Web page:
# Why does a body has inertia? [duplicate]

Today I asked a question on this site regarding inertia, and while reading one of the answers, a question popped up

Why does a body have inertia?

I looked up this site and several others, but could not find any resources.

• @YoungKindaichi Nope, that doesn't at all answer my question. Commented Mar 5, 2021 at 12:36
• @YoungKindaichi And that question contains 2 answers, none of which really answers the question. Commented Mar 5, 2021 at 12:38
• What would be the implications if a body didn't have inertia?
– jpf
Commented Mar 5, 2021 at 13:00
• Mach's principle tried to answer this question, and it was one of GR's postulates at its development but was removed by Einstein later. For elementary particles, it was recently described by the interaction between the elementary particle and Higg's field. But for complicated bodies, I believe it has something to do with Mach's principle. Commented Mar 5, 2021 at 13:49

## Philosophical aspect

Physics typically cannot answer "why"-questions very well.

Physics observes phenomena in the world, creates descriptions of the behaviour observed there, and postulates rules (physics laws) stating that under specific circumstances this very same behaviour will happen again.

So, the best answer that physics can give go along the line "because of a well-founded record of behaviours observed previously".

## Inertia

We always observed that it takes some external effort ("force") to change an object's speed, and we call that concept "inertia". Think of a car. To accelerate, you need engine power, to decelerate, you use the brake. Physics found some formulas describing the numerical aspects of that concept.

A body has "inertia" because that's the best explanation we found so far to describe the effect that bodies have a tendency to keep their speed.

If you google it you can find several explanations for this, but I believe using the classical physics, we can clarify it intuitively and simply.

According to the Newton's first law, bodies tend to keep their velocities unchanged. Inertia typically refers to this phenomenon. You can check it by some experimental tests. Therefore, if you want to change their state of motion (i.e., velocities), you need to change their current state of energy by exerting force on each of its constituting particles. More mass is equivalent to more particles that are supposed to be affected by these changes of the energy state. This is why we see this resistance, i.e., inertia, in objects, especially for those with more mass.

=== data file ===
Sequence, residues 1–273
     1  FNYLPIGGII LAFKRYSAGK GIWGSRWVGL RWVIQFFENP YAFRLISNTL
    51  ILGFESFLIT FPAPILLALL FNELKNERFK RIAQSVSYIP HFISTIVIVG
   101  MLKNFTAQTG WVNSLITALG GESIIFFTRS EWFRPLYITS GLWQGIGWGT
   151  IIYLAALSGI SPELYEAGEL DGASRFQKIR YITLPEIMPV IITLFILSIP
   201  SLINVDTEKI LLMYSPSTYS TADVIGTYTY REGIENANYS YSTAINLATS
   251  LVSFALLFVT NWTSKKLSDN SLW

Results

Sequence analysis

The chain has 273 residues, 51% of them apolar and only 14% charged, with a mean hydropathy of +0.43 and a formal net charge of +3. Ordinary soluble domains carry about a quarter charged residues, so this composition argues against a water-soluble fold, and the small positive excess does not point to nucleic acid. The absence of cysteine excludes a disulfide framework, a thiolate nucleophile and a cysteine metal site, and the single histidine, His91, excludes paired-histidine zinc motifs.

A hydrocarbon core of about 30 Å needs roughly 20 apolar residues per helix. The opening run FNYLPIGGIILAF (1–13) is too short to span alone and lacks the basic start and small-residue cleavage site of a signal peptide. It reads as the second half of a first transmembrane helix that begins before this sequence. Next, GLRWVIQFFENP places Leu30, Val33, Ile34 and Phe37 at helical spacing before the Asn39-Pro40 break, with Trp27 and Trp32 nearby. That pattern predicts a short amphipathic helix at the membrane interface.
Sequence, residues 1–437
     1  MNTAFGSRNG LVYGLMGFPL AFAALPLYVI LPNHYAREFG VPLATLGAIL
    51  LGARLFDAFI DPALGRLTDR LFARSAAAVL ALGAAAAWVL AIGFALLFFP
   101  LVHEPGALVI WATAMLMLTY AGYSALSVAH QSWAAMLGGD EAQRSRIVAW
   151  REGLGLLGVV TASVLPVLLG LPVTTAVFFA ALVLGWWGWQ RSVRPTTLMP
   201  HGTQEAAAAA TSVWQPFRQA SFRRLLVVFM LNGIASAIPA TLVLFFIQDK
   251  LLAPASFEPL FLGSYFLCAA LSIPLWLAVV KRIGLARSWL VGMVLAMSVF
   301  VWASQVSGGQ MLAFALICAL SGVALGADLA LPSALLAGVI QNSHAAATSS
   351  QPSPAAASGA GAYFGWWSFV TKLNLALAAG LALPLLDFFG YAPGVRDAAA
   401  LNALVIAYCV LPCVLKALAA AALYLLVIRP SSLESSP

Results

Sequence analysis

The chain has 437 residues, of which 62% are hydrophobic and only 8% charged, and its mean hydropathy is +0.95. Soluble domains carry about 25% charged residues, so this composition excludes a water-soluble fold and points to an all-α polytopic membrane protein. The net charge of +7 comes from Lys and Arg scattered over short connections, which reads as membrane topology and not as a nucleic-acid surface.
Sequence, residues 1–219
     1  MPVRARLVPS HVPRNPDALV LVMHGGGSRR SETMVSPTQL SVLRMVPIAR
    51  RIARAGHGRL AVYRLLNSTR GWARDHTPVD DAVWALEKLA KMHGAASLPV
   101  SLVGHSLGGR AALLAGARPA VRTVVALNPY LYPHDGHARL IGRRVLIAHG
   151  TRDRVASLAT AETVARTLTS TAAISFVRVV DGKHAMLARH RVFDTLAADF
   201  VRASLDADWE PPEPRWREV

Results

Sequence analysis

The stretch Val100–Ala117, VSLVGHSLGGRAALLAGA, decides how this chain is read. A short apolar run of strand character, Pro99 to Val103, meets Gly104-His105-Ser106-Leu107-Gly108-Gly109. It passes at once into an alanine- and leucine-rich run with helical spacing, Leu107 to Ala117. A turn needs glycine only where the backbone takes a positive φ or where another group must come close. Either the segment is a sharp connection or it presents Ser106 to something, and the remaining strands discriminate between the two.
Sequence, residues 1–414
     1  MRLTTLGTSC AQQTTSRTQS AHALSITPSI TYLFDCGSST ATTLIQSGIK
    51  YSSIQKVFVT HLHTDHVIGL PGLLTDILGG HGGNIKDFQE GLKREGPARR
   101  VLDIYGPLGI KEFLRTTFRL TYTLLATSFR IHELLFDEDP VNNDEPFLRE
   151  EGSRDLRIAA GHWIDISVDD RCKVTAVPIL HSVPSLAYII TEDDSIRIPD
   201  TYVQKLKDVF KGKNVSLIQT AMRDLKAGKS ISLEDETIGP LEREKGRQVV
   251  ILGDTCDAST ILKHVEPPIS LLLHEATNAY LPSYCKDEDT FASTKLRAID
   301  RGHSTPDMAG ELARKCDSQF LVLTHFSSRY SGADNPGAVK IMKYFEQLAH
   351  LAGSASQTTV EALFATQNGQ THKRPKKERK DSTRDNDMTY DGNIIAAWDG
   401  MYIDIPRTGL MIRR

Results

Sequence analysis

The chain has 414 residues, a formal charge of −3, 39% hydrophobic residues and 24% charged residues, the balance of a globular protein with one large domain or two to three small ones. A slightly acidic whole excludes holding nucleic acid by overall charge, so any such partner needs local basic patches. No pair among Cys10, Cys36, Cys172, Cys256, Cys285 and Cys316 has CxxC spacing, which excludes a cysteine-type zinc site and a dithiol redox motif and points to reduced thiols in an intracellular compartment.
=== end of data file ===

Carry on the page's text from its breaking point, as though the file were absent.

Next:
@Eisenstein I suspect from some of your replies that @RKleberhoff is closer to the meaning of your question. I think your question is more metaphysical and ontological. The reference of @YKindaichi provides are what I would call descriptive answers of how rather than why. I think we sometimes confuse mathematics with why rather than the how it is. Sometimes people summarize this by saying "the map is not the terrritory".

I think all new physics begins in metaphysics and questions of ontology.

As @AKKassem notes, Einstein was also searching for something more ontological in the beginning in the form of Mach's Principle, but abandoned it eventually. I think physicists like Julian Barbour and Lee Smolin and others are getting closer to Einstein's initial approach, using a relational view of the universe that abandons the concept of a spacetime background. I think Leibniz also contributes to this view,

Einstein starts down this path by tying spacetime to matter. I think if anyone thinks about it for a while what we call space or our concept of volume can't possibly be "real" or "true" in any sense of the word. After all the ultimate paradox in a sense is the idea of a "big bang" "inflation" etc that demands some kind of expansion, but expanding into what? There is something and nothing, and you can't really expand into nothing. Volume and spacetime are probably some kind of relational perspective that just keeps changing of an initial something, but it can't possibly be getting bigger (increasing volume) in any real sense of the word.

Lack of or presence of inertia, in this sense would be the manifestation of a preferred relational perspective, meaning easier to view things along one perspective and harder from another.

When no forces are acting on an object, it is either completely still or moving at a constant velocity at the same direction in a straight line. It is easy to think keeping an object at a constant velocity requires forces acting on it, but that is because we don't live in a vacuum